When his federal trial began in Richmond in March 1807, he benefited from Chief Justice John Marshall presiding. Marshall’s own hatred of Jefferson — his cousin and political rival — helped insulate Burr from the federal government’s attempts to litigate his broader oeuvre of misdeeds. Marshall even subpoenaed White House documents that Burr claimed to need for his defense, a first in U.S. history. The trial was a melodrama of hearsay and plausible deniability from the start, and even firsthand testimony from co-conspirators such as Wilkinson became suspect because of the partisan narratives looming over the whole ordeal.
Jefferson interjected himself throughout the trial, directing the prosecution from afar, which did more harm than good because it reinforced Burr’s long-running claims that the president and the press were biased against him.
When it came time to instruct the jury on the law, Marshall defined treason in an exceedingly narrow way — one that made it almost impossible to prove since Burr wasn’t present when authorities raided his headquarters. As one legal historian put it, “Marshall’s decision all but guaranteed that Burr would not be convicted.”
When the seven-month trial came to an end in August 1807, Burr was acquitted and allowed to return to civilian life. He traveled around Europe for a few years before returning to New York City to resume his law career in 1812. In the wake of the verdict, many Americans howled at Marshall’s handling of the case, including Jefferson, who tried to get his cousin kicked off the Supreme Court. In Baltimore, they burned Marshall’s effigy in the streets, and op-eds from around the country cried foul.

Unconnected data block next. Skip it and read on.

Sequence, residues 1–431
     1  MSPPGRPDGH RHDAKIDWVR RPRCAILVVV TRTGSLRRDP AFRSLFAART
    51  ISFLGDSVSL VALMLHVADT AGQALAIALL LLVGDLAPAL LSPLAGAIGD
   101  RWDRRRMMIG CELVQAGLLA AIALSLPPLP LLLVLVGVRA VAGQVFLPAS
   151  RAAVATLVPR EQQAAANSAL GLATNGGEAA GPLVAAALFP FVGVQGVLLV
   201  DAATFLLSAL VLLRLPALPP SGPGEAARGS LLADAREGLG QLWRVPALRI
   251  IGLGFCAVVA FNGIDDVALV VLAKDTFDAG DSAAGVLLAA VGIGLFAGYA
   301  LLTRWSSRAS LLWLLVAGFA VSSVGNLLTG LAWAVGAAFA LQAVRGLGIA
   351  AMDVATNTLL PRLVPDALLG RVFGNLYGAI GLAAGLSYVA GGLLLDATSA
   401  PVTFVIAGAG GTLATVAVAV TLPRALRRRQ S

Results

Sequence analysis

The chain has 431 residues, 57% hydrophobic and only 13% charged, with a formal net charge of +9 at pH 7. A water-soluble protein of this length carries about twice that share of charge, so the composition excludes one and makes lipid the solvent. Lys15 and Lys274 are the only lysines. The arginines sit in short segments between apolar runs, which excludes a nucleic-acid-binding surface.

But this did nothing to reverse the court’s ruling or change the posture of the chief justice himself, who served on the court for almost three more decades and only expanded his influence over the nation’s judiciary during that time.
Though it’s still unclear as to whether Trump will even be charged with a crime, there are striking parallels to Burr’s situation. Trump has managed to muddy the waters in the case of classified documents that he stored at his Mar-a-Lago estate — the case where his personal involvement is perhaps most plain and obvious. His challenges have slowed the pace of the investigation, a strategy which has sapped the Department of Justice of momentum, even as it appears that special master Raymond Dearie and the U.S. Court of Appeals for the 11th Circuit have some skepticism about Trump’s equivocations.